The Survey of No Return finished its week-long residency on The System That Dares Not Speak Its Consultancy Fee. And there are problems. Worse, we don’t know whether these are caused by the underlying database or by user error prompted by poor judgements in the design (by me). Ulp, as they say.
Lunchtime, walked to the Post Office to the accompaniment of The Foul. I’ve never been able to approach The Fall, but this was a treat. Cracked along a completely different faultline. People wondered why I was walking along with such a smile.
Tommy MacKay (for it is he, The Foul) had given me the CD as we reached the end of a 45-minute ride on the 43 bus from Edinburgh to Queensferry, unaware of each other’s presence. That’s nothing. Some years ago I sat next to my mother on the selfsame journey, neither of us aware of it until she rose to get off.
In the evening a last visit to Gil in Dunfermline. The house is sold and Gil and Barbara are moving to Ayrshire after the worst possible 2005: drastic and prolonged treatment for serious illness, neighbourly disputes, an assault on the house by a disturbed woman, a death in the immediate family, and house vendors reneging on a deal. They’ve turned a corner now and Gil is cheerful and optimistic. That house saw the birth of some of my favourite songs, as well as some glorious unrecorded music, and I’ll miss it, and Gil, loads.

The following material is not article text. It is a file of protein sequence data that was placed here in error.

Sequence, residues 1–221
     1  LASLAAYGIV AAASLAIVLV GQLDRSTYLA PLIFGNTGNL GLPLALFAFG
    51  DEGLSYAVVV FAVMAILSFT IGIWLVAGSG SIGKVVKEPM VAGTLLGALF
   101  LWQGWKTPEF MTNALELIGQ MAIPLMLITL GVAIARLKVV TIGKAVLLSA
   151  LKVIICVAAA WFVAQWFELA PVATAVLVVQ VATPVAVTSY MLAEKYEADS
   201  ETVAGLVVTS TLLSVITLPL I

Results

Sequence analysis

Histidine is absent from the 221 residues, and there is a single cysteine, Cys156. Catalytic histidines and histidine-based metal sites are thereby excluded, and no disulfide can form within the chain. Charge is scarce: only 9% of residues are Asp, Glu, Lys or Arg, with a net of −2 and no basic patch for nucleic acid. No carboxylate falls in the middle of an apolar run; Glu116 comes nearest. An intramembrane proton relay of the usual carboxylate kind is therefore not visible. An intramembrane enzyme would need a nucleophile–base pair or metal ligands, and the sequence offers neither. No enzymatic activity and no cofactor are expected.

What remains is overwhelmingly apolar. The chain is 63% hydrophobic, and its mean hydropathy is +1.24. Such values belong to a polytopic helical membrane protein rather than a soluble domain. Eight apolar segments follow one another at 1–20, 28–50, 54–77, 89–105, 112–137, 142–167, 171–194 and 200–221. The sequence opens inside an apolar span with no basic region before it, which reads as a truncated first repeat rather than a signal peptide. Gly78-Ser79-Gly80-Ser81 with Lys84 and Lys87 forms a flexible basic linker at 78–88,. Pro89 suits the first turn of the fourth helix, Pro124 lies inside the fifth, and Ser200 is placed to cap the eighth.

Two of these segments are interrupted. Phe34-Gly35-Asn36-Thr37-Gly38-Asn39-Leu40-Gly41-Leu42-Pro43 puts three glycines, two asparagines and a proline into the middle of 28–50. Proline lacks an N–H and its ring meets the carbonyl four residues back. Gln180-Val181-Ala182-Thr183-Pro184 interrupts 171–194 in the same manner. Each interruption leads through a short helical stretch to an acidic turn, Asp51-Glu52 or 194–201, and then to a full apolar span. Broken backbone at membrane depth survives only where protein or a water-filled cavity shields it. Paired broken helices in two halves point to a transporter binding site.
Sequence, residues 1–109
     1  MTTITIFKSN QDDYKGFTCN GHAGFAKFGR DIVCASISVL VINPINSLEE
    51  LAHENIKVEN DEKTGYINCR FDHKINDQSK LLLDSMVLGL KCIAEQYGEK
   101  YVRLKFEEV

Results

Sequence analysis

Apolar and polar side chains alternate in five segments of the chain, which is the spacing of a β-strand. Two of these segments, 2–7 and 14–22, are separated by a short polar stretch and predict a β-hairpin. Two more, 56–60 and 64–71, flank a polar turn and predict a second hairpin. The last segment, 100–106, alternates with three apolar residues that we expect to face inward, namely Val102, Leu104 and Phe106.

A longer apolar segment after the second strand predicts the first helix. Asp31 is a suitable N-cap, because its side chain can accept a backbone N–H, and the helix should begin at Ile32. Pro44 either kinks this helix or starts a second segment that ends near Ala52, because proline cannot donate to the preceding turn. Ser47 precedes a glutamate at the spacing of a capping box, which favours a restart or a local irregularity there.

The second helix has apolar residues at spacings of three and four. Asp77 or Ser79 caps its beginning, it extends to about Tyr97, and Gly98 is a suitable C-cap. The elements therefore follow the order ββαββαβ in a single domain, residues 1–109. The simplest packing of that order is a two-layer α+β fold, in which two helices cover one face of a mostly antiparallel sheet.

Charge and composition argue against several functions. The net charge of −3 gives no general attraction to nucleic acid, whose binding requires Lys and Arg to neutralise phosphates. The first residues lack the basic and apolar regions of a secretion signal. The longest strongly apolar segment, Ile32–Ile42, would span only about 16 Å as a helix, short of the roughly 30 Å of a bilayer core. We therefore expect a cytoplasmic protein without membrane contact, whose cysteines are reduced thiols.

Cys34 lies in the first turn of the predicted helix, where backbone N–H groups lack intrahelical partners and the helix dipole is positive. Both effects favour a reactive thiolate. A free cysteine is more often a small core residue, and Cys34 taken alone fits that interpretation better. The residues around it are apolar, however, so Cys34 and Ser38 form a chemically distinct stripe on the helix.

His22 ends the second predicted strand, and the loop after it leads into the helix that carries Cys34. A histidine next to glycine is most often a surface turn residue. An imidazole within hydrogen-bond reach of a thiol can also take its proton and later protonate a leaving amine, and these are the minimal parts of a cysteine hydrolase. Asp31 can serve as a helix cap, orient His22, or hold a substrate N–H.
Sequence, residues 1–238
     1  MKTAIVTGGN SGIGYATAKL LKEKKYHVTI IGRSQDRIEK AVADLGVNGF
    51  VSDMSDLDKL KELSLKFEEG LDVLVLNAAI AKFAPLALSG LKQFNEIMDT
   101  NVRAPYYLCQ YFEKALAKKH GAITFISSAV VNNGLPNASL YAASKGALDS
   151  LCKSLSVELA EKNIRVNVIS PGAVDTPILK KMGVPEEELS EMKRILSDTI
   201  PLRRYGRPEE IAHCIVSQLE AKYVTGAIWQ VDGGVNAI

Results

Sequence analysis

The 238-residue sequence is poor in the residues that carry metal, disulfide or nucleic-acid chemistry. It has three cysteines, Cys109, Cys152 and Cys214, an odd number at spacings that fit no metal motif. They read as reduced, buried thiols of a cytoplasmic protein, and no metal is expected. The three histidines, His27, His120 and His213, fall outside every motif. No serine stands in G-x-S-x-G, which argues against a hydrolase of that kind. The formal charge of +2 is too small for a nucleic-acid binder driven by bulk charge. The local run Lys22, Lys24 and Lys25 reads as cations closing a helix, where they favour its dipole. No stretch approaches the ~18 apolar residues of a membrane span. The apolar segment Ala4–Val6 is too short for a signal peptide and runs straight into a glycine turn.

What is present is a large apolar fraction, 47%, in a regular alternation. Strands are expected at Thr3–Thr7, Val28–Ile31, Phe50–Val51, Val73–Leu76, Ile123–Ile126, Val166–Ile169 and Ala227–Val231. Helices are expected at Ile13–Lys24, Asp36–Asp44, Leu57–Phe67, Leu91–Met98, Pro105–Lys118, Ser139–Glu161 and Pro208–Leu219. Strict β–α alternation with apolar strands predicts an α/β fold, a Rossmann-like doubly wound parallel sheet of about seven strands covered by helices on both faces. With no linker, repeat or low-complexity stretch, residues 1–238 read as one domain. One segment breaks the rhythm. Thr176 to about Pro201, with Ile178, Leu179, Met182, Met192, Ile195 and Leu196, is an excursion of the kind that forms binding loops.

On the way home, turned on the radio to catch a song that had everything. I looked up the playlist when I got home and it was Little Sparrow by one Bettye Lavette, a soul singer. I must hear it again.